Sometimes a court orders elder mediation, typically involving guardianships or estates and inheritances. How often this happens depends on state laws and the individual judge's enthusiasm for the trial.

“It would be great if more judges said, 'You need a mediator; choose one from the approved list,” said JulieAnn Calareso, president of the New York chapter of the National Academy of Elder Law Attorneys.

But increasingly, families are seeking elder mediation privately, before disputes end up in court and endanger or destroy family relationships.

“If families can avoid litigation — its cost, its stress — they will get a better outcome,” said Beth Polner Abrahams, a trained mediator and veteran attorney on Long Island. “There won't be a winner or a loser: there will be a compromise.”

Mediation differs from arbitration, in which an arbitrator evaluates arguments and makes a decision that the antagonists accept. The mediator maintains neutrality and helps the parties reach a consensus centered on the needs and wishes of the elderly person.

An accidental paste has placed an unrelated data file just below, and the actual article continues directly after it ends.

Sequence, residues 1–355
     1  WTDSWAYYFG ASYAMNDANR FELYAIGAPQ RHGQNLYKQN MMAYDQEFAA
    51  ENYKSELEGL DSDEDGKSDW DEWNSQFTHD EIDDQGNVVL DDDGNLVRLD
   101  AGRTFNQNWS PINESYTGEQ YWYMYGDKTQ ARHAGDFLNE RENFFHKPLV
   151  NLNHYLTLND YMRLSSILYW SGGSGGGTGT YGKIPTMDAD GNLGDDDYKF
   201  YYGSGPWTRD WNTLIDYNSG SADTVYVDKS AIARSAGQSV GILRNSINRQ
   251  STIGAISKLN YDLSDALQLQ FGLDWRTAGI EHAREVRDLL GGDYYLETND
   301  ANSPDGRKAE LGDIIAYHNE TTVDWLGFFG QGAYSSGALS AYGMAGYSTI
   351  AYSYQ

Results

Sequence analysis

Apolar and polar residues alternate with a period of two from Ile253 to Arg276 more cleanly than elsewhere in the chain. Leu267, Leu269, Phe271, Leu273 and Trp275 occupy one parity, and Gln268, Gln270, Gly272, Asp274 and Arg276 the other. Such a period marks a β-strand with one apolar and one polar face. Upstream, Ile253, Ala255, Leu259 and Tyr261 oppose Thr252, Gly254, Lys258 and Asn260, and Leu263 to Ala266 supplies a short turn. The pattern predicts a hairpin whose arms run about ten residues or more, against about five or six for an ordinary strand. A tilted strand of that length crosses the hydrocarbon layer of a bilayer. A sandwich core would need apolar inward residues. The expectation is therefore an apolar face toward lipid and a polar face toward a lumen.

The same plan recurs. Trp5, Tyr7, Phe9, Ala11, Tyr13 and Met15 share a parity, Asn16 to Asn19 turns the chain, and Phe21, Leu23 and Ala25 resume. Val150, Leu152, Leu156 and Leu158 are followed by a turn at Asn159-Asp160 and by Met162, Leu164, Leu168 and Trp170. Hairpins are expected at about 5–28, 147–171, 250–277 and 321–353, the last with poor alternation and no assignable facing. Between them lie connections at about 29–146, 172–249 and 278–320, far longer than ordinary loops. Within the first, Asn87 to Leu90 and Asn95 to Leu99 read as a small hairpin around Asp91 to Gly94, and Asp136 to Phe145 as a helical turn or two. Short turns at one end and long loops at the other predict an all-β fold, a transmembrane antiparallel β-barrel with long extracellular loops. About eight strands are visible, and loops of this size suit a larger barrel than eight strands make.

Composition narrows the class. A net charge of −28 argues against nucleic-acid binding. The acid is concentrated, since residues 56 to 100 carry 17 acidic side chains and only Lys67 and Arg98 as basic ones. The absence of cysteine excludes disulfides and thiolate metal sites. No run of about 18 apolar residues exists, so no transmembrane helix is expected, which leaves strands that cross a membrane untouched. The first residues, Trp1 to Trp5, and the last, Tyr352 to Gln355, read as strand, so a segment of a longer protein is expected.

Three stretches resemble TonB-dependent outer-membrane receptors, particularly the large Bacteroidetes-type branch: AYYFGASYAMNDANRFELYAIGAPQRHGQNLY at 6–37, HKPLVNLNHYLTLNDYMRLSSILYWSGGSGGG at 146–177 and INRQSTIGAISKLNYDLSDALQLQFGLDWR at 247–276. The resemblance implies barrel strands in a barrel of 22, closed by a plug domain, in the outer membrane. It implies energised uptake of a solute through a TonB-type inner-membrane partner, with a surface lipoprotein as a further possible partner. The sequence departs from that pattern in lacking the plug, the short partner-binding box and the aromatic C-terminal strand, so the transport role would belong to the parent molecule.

Even people without legal capacity can often make their wishes known, Thorpe said. When this is not possible, mediators can draw on the person's previous statements or documents.

Mediation also differs from family therapy, although sessions can become equally emotional as participants become angry or cry, healing old wounds and voicing grievances.

“These are complicated situations,” said DeLila Bergan, a senior mediator in Denton, Texas, and co-president of the senior mediation section of the Association for Conflict Resolution.

“We don't try to make everyone happy, cheerful and love each other – that's the job of a therapist. But we can ensure that they continue to talk and focus on the problems, keeping calm, without insults.”